NASHVILLE, Tenn. - A Tennessee federal judge on Sept. 9 determined that a retirement plan participant can allege a claim for equitable estoppel, in addition to other claims, against the plan because the plan's applicable terms are ambiguous regarding covered employees and the beginning date of participation in the plan (Andre Deschamps v. Bridgestone Americas Inc. Salaried Employees Retirement Plan et al., No. 12-86, M.D. Tenn.; 2015 U.S. Dist. LEXIS 119869).
SAN FRANCISCO - A health care provider did not abuse its discretion in denying coverage for treatment that was part of a clinical trial because the health plan clearly excludes coverage for experimental treatments, the Ninth Circuit U.S. Court of Appeals affirmed Sept. 9 (Lana V. Robertson v. Blue Cross and Blue Shield of Texas Inc., et al., No. 15-35304, 9th Cir.; 2015 U.S. App. LEXIS 16028).
An insurance company is violating ERISA by refusing to cover therapeutic repetitive transcranial magnetic stimulation (TMS), a California woman alleges in her class complaint filed Sept. 8 in a California federal court; she brings claims that are similar those in a class suit filed Sept. 3 in Connecticut federal court by a Tennessee man (Annette Weil, et al. v. Cigna Health and Life Insurance Company, et al. , No. 15-7074, C.D. Calif.; Christopher Meidl, et al. v. Aetna, Inc., et al., No. 15-1319, D. Conn.).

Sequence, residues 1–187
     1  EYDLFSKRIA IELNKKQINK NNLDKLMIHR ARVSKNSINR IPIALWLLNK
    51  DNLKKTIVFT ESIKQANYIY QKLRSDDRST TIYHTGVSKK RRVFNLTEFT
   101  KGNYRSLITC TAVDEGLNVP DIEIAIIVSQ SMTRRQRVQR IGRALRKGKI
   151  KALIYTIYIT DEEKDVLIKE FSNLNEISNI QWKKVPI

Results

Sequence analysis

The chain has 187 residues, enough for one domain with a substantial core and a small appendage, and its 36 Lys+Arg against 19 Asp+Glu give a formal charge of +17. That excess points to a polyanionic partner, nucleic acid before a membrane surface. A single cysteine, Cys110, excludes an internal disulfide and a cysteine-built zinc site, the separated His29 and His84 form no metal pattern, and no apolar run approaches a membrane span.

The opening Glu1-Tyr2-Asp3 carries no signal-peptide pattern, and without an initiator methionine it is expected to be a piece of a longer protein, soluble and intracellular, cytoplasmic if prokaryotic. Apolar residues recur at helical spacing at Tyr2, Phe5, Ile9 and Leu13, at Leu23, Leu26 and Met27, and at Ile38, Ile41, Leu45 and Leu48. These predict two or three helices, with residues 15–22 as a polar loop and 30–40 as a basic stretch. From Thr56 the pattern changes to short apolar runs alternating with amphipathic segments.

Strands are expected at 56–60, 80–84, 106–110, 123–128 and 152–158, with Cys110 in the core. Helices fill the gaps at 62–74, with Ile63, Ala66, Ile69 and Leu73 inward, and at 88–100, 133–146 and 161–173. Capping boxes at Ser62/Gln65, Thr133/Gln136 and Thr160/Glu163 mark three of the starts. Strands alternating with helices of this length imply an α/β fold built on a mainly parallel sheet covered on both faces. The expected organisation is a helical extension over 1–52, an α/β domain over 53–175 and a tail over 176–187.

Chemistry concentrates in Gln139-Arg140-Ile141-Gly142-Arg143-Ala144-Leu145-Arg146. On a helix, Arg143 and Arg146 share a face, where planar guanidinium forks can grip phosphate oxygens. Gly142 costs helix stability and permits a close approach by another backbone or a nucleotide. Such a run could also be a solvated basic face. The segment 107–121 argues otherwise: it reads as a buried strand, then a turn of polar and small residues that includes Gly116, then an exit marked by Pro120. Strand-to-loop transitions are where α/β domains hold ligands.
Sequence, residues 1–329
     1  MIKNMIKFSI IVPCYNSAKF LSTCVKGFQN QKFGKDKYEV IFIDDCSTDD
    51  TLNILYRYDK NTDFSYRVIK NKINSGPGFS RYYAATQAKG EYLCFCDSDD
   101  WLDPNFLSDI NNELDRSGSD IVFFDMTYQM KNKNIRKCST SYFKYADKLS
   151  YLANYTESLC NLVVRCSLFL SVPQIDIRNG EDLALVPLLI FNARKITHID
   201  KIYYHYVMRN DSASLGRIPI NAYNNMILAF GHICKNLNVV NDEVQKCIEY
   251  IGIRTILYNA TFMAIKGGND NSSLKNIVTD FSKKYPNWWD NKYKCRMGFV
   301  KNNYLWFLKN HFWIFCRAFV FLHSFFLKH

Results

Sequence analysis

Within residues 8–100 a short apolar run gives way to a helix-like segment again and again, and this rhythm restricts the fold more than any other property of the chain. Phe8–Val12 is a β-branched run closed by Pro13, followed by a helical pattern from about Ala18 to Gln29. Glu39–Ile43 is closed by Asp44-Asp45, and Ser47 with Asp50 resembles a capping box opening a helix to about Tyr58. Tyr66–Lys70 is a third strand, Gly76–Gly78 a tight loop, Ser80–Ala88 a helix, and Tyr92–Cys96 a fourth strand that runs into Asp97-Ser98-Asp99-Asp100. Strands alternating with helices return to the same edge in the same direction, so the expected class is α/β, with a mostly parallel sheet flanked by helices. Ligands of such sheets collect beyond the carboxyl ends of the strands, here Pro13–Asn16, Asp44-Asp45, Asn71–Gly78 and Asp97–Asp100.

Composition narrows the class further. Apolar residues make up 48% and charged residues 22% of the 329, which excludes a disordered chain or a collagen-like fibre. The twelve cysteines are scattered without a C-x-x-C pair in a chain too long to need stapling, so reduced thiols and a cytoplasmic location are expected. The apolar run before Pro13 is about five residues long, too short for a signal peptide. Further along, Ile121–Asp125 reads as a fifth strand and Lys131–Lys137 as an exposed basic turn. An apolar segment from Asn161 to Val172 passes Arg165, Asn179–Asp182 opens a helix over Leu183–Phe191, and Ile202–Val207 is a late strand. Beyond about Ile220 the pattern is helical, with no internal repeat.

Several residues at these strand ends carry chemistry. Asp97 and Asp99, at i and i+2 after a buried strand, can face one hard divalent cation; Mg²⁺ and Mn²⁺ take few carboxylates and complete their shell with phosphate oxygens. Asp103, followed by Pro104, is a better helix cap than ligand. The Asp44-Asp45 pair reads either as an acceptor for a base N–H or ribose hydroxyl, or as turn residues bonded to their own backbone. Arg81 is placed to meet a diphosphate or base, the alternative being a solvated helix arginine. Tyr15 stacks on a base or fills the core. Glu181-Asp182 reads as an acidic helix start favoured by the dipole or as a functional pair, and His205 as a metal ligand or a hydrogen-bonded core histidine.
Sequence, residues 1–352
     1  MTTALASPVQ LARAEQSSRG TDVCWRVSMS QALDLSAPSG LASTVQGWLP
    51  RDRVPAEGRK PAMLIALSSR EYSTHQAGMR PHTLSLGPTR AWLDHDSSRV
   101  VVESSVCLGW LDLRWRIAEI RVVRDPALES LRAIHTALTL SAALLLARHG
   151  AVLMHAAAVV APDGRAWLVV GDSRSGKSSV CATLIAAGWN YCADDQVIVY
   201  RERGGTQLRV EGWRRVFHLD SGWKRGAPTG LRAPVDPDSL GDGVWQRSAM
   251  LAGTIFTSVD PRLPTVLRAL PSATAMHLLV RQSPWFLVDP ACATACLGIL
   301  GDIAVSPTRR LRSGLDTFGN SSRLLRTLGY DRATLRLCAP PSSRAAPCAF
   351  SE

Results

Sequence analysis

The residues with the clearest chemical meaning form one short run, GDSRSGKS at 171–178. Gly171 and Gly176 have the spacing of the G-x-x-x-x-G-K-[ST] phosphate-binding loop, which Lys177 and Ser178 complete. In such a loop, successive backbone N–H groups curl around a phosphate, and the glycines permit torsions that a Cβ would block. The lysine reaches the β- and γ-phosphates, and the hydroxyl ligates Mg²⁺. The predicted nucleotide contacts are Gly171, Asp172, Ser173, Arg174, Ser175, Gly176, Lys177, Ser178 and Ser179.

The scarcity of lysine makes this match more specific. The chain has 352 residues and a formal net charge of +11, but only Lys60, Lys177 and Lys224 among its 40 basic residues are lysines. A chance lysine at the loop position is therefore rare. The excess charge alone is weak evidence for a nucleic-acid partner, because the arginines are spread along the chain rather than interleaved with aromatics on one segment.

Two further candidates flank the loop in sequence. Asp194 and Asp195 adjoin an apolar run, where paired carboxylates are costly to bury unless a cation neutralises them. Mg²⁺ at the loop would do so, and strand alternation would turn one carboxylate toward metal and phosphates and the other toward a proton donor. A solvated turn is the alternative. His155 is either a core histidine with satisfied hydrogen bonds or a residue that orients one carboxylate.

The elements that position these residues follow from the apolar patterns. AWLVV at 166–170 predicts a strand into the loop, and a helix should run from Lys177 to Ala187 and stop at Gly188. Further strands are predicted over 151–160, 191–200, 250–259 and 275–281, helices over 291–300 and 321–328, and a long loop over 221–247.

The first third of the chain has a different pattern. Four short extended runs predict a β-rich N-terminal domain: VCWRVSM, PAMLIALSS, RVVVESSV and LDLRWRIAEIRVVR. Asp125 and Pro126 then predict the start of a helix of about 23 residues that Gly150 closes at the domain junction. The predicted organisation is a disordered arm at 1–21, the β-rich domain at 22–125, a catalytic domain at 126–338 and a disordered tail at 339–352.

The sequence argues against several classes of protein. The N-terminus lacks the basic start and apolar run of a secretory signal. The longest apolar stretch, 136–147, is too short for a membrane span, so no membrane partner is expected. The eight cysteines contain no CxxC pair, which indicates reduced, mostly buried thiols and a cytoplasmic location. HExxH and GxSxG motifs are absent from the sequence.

NEW YORK - A New York federal judge on Sept. 8 allowed class action plaintiffs to file a fourth amended complaint to add claims related to a retirement plan's alleged breach of the duty of loyalty to the plan participants after determining that the plaintiffs raise a plausible inference that the defendants did not act solely in the interests of the plan's beneficiaries during the class period (Marya J. Leber v. Citigroup, Inc., et al., No. 07-9329, S.D. N.Y; 2015 U.S. Dist. LEXIS 119043).
SAN FRANCISCO - The majority of the Ninth Circuit U.S. Court of Appeals on Sept. 8 affirmed a district court's dismissal of breach of contract claims after determining that the claims are preempted under the Employee Retirement Income Security Act of 1974 (Oregon Teamster Employers Trust v. Hillsboro Garbage Disposal Inc. et al., No. 13-35555, 9th Cir.; 2015 U.S. App. LEXIS 15925).
NEW ORLEANS - The Fifth Circuit U.S. Court of Appeals on Sept. 8 reversed a district court's decision dismissing a former Johnson & Johnson's employee's claim for violation of the Employee Retirement Income Security Act, finding that the evidence was not sufficient enough to show that he was fired for violating company policy (Dean Napoli v. Johnson & Johnson, No. 14-31000, 5th Cir.).